Fitzwilliam Darcy in His Own Words, by Shannon Winslow — A Review

From the desk of Katie Jackson:

In a November 1814 letter to her niece, Jane Austen wrote that “nothing can be compared to the misery of being bound without love.” She had brilliantly illustrated her point with many unenviable couples in her novels serving as warnings of what her protagonists should strive to avoid. Likewise, readers found in her most famous story, Pride and Prejudice, a hero dutifully resigned to such misery and a heroine determined to evade it. Prolific Austenesque author Shannon Winslow explores that hero’s path from misery to love in her latest Pride and Prejudice adaptation, Fitzwilliam Darcy in His Own Words. Continue reading “Fitzwilliam Darcy in His Own Words, by Shannon Winslow — A Review”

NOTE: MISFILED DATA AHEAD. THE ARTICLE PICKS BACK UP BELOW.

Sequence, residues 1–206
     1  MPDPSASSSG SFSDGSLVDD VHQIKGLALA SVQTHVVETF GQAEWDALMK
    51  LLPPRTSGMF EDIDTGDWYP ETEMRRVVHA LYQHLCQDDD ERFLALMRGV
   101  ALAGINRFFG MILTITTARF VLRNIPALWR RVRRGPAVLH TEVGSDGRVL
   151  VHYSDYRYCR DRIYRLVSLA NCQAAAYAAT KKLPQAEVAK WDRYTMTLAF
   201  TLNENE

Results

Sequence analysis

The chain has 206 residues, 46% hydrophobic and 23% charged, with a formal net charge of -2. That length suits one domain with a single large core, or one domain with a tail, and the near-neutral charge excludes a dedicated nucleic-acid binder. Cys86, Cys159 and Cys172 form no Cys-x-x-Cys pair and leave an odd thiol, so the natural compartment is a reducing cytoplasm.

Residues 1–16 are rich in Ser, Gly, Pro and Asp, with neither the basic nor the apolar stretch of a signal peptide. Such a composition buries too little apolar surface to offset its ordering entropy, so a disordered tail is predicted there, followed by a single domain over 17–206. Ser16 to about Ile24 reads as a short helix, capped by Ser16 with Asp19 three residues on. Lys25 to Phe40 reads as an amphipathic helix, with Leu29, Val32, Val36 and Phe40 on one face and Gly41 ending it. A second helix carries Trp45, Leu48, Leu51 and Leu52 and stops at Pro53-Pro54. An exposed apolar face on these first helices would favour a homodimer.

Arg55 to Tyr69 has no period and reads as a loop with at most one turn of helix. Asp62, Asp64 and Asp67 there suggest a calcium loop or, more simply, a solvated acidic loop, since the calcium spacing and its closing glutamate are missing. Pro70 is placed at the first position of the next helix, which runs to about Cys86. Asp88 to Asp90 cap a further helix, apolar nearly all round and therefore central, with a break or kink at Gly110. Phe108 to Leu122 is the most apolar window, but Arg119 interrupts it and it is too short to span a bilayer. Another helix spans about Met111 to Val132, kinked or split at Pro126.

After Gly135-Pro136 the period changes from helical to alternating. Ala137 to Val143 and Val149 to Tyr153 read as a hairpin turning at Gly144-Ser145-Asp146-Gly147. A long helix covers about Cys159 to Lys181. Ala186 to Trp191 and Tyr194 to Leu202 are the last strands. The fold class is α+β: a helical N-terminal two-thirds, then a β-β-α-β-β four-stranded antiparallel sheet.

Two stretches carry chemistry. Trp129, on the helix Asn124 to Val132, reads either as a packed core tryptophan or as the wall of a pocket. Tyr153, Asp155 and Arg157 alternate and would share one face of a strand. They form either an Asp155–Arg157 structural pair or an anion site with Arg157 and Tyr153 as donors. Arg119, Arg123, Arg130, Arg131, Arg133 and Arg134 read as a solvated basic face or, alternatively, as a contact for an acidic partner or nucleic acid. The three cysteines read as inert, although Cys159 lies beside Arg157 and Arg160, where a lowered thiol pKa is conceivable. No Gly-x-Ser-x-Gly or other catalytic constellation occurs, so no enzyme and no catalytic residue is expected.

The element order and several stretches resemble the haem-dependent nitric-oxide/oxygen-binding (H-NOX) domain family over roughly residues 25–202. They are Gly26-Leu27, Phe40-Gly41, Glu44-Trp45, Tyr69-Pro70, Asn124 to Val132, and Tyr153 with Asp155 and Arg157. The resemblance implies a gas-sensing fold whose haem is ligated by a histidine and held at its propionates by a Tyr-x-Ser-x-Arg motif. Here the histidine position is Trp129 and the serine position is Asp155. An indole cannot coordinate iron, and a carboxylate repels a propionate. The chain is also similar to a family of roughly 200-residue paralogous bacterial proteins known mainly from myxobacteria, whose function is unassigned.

In the Shadow of Croft Towers: A Novel, by Abigail Wilson — A Review

Shadow of Croft Towers by Abigail WIlson 2019

From the desk of Katie Patchell: 

The highwayman: A mysterious figure riding on cloudless nights, a man whose purpose goes beyond treasure for wealth’s sake. There’s something about the highwayman that captures our imagination and has done so for centuries. Is it his inevitable strength and beauty (if he’s the novel’s hero)? Is it because he’s misunderstood by those who know him within the pages, so our sympathy reaches out? Or is it because he’s a figure in the vein of Robin Hood, a romantic symbol of a freer, wilder, more dangerous age? In Abigail Wilson’s 2019 debut, In the Shadow of Croft Towers, a masked highwayman appears once again, this time with gray eyes narrowed in laughter behind his mask, and a quest in his heart for something stronger than diamonds but as insubstantial as the mist: The truth.  Continue reading “In the Shadow of Croft Towers: A Novel, by Abigail Wilson — A Review”